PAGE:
A meeting Wednesday between Uber officials and drivers in Qatar ended in an impasse, according to some drivers, who say they’ll continue refusing to pick up passengers during certain times of the day to protest new, lower fares.
The drop in drivers is difficult to quantify but has led to “surge pricing” at off-peak times in some areas, raising costs for customers.
This is despite the fact that earlier this month, Uber – which allows customers to book a taxi using a smartphone app – announced it was reducing its fares by 15 percent in an effort to attract more passengers.
The technology company takes a 20 percent commission from fares, and the move means drivers take in even less money per trip.
While the company said the lower rates will create more demand for drivers and allow them to make more money in the long run, some remain unconvinced.
“More trips means more work” to earn the same amount of money as before, one driver told Doha News today.
‘Surge’ pricing triggered
Several other drivers have told Doha News this week that they are on “strike” and have refused to open up the mobile application that connects them with Uber customers.
The drivers aren’t directly employed by Uber and actually work for private limousine companies. This means they generally have the option to choose whether they want to work for Uber at any given time.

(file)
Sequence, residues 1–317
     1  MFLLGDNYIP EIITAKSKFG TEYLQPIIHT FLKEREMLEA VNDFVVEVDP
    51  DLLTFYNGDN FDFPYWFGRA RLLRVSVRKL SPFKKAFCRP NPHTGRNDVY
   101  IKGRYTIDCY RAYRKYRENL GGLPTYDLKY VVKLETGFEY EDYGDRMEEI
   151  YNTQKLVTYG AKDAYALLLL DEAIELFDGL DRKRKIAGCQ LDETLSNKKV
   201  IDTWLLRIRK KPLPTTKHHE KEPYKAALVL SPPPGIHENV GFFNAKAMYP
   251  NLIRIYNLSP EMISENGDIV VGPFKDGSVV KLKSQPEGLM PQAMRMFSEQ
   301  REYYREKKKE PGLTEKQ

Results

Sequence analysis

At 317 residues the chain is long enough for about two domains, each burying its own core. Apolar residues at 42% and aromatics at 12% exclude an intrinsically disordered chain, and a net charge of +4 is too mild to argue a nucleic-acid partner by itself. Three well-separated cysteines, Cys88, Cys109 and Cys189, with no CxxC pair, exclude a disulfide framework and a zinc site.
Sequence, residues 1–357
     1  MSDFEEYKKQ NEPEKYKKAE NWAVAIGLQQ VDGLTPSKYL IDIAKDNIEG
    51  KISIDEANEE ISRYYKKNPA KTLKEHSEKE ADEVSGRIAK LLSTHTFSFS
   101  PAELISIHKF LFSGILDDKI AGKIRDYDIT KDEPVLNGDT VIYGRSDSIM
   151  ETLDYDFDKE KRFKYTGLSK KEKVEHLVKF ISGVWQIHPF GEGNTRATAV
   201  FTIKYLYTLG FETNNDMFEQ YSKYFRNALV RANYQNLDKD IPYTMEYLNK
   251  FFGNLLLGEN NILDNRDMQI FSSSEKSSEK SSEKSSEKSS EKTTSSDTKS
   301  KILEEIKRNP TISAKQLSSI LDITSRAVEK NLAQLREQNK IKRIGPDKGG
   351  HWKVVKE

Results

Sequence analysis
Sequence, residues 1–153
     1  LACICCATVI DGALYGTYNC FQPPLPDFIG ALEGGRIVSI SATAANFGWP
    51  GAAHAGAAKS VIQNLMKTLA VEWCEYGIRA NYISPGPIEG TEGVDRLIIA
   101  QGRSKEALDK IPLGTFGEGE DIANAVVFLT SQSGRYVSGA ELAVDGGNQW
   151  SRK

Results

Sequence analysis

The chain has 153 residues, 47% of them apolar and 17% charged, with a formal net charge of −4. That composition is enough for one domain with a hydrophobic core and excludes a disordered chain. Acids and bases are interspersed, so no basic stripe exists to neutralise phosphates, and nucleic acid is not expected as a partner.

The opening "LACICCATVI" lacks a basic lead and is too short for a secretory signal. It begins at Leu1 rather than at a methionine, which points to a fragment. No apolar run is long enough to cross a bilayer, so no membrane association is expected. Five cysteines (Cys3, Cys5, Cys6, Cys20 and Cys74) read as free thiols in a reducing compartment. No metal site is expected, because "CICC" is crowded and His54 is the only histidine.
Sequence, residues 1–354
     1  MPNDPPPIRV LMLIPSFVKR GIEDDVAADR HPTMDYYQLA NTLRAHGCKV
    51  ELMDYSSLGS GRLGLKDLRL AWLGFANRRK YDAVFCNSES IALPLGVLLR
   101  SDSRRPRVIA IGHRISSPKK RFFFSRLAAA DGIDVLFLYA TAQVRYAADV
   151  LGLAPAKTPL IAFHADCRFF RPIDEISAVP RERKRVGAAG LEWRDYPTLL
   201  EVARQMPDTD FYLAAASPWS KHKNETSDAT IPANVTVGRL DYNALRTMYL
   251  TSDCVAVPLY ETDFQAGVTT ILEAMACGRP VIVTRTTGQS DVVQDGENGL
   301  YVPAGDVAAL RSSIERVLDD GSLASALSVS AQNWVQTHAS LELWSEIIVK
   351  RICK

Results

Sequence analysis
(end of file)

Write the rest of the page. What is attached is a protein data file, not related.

It’s not known how many drivers are withdrawing their services this week, and Uber does not disclose how many drivers it has under contract. However, some residents have reported longer wait times than usual.
— Syed Faizan Nihal (@faizannihal) April 20, 2016
To put pressure on Uber, drivers have told Doha News that they plan to coordinate and log off from the company’s system in unison at different times of the day.
This means the service will operate normally at some points, but that customers may have trouble ordering a pick-up – and may have to pay a premium – at other times.
If a significant number of drivers stop working at once, it allows those who remain on the road to make more money.
That’s because Uber uses a system called “surge pricing” when customer demand outstrips the supply of available cars.
By raising fares during busy periods, Uber aims to entice more drivers to go online and pick up passengers when their services are needed most.
One resident today said she was charged QR58 for a trip that typically costs QR25 under the newly introduced fare system.
Lower fares attracting more customers
A Dubai-based Uber spokesperson told Doha News that company representatives were meeting with drivers over lunch today to discuss their concerns.
“We’re seeing what they are and aren’t happy with, and showing them how other markets would work,” she said. “When some of the price cuts happen, drivers start making less per trip. But drivers end up doing more trips and making more money.”
Earlier this month, Uber general manager Chris Free said the company would be guaranteeing its drivers a certain level of earnings, or Uber would make up the difference.
The spokesperson said that it’s the prerogative of Uber drivers to go offline and not accept fares, since they are not actually employees of the tech company. However, she added that it’s important the drivers are happy with their work.
The spokesperson said the company has seen an uptick in bookings since Uber lowered its rates, but was unable to immediately quantify the increase in business.
She said it was too early to say if this month’s price cuts could be rolled back as a way of appeasing drivers.